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The Importance of Communication (When Your Child Has Food Allergies)

This is my 100th post! When I first started blogging I imagined it would be tough for me to crank out posts and find topics to share. After 100 posts, apparently, I still have a lot more recipes, thoughts on allergy management and frugal tips I want to share with you.

Those of you who read the byline to my blog know that I have a little man who has a nut (peanut and almond) allergy. Part of the mission of this blog is to share our experience in allergy management.

Texting Versus Calling
I was a late adopter to texting, as I preferred to call someone if I was running late or needed to chat. Soon after I got a smartphone, I preferred texting my friends and family over calling. After all, it's quicker and simpler to text 5 different people carrying on 5 different conversations than trying to call everyone.

Think about it, communication is an important part of our daily life. It is how we share our thoughts, needs, wants and feelings. When your child has food allergies, communication becomes even more critical when you leave the safety and comfort of your home. Play dates, parties and other social gatherings can throw you off your routine and introduce situations you are not familiar or comfortable with.

"PB&J Incident"

Several months ago, my husband and I were invited to a potluck at a friend's house. We see/talk to these friends once a year at their potluck dinner. The last time we saw them, (which was last Fall) our little man had not been diagnosed with any food allergies.

When my husband RSVP'd to the party, I asked my husband to tell the host about our little man's food allergy so that the other guests can refrain from bringing any nut-related items to the potluck. The little man was just shy of a year and half years old at that time but still constantly puts things in his mouth. My husband assured me that he had let the host know via a text message.

Fast forward to the day of the party, we were having a good time until my husband noticed the host's child eating a peanut butter jelly (PB&J) sandwich. He calmly asked the child if it was a PB&J sandwich and the child nodded happily saying it is their favorite. My husband quickly grabbed the little man and left the room; looking in search of the hostess. After the child finished eating the PB&J sandwich, my husband quietly pulled the hostess to the side and explained that our little man has a peanut and almond allergy. He kindly asked if it was possible for the child to wash their hands to which the hostess obliged and apologized profusely for not having known about it as her husband had not passed along the message. I was a little shaken up but things like this happen and I thought we had handled the situation well.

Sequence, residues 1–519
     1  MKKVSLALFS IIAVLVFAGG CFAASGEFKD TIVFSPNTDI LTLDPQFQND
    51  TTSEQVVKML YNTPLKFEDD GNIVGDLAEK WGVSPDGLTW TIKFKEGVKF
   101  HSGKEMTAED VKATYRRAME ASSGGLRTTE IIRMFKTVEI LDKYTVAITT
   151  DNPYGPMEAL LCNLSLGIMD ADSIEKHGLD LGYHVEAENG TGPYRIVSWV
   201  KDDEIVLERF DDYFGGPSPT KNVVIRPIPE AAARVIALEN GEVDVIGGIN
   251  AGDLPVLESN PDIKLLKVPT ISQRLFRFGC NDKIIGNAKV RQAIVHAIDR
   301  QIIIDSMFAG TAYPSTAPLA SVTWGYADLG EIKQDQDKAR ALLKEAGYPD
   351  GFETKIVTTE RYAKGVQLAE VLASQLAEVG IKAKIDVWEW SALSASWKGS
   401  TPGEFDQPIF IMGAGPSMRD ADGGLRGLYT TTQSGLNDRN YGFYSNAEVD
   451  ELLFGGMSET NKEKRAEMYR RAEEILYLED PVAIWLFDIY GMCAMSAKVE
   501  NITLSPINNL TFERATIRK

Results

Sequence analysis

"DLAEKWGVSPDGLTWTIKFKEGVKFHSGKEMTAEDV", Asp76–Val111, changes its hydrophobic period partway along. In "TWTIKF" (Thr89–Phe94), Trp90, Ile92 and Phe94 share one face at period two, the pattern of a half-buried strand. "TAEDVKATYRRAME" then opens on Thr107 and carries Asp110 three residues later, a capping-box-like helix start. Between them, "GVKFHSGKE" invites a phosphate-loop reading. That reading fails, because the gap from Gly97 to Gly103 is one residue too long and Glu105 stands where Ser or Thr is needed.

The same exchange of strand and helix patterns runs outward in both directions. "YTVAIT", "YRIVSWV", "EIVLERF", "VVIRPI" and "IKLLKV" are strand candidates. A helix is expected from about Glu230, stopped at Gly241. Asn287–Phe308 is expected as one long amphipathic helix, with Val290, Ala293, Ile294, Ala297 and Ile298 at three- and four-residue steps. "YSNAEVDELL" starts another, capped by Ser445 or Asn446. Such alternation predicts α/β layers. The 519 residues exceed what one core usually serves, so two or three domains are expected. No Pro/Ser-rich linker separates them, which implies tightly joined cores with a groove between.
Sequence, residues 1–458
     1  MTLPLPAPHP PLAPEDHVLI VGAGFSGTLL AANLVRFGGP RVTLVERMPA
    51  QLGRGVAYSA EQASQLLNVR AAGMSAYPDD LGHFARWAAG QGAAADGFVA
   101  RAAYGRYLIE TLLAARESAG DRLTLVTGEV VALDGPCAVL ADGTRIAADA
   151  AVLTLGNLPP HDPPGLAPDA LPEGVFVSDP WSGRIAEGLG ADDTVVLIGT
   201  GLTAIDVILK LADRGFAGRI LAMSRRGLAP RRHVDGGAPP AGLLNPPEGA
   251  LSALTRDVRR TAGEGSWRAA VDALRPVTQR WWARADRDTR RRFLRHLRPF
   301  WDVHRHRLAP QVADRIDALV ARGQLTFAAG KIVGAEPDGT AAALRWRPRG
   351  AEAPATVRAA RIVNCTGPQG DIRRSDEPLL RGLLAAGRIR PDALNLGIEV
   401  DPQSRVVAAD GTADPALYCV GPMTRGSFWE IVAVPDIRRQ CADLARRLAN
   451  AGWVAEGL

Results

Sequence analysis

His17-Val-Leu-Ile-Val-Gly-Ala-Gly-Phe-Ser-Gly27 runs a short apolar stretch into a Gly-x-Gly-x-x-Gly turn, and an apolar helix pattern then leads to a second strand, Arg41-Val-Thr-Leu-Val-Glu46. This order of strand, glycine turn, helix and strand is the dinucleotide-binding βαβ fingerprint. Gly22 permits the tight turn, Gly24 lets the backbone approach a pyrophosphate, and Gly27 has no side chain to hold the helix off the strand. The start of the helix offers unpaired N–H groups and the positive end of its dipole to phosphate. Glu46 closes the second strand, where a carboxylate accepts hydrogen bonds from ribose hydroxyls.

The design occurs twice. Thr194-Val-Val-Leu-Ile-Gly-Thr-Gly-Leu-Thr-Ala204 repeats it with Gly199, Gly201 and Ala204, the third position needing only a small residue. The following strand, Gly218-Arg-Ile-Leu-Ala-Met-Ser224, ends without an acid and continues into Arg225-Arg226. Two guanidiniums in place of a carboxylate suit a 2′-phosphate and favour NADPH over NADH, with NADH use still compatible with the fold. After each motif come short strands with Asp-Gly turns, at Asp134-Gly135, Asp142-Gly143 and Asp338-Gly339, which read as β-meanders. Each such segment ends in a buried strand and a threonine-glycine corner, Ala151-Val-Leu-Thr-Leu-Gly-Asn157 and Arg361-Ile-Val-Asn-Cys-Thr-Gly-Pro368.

The little man was walking around and out of nowhere, he threw up. This was unusual for him and at that time, I did not think much of it. In hindsight, this could have been one of the signs of an allergic reaction.

Sadly, this story does not end here.

Another guest, whom we've met once before, brought in a Thai salad from Whole Foods, with peanuts. One of our friends, L, said in a low voice to my husband "Hey man, there are peanuts in this salad, just so you know."

I was about to cry.

How on earth did all this happen? All of this could have been prevented had we clearly communicated with the host, hostess and the other guests. We knew almost everyone attending except for the couple who brought the Thai salad. Had we contacted everyone by telephone instead of texting the host, this whole situation could have been prevented.

I felt that my husband did not want to inconvenience his friend by asking for special treatment. In the end, we were very lucky that the worst that happened was our little man had a rash on his chest and vomited. Was it worth putting other's feelings ahead of the safety of our child?

As we drove home that night, we brainstormed ways we can try to avoid this situation again. Here's what we came up with:

RSVP Stage
  • Contact the host and hostess by telephone (and other party guests if it is a potluck) and remind them about food allergies
  • Ask the host if they can avoid serving the allergen at the party or substitute it with an alternate food
  • If the host shrugs off your allergy concerns by making light of the situation, make your own judgement call whether you should attend. Personally, for us, if we cannot guarantee our little man's safety, we will just not attend. After all, I feel it speaks volumes about the kind of friend they are more than about you.

Day Before
  • Contact the host and remind them of your child's food allergies. Ask if there is anything you can bring to the party. Separate out a portion of the safe food for your child to avoid cross contamination.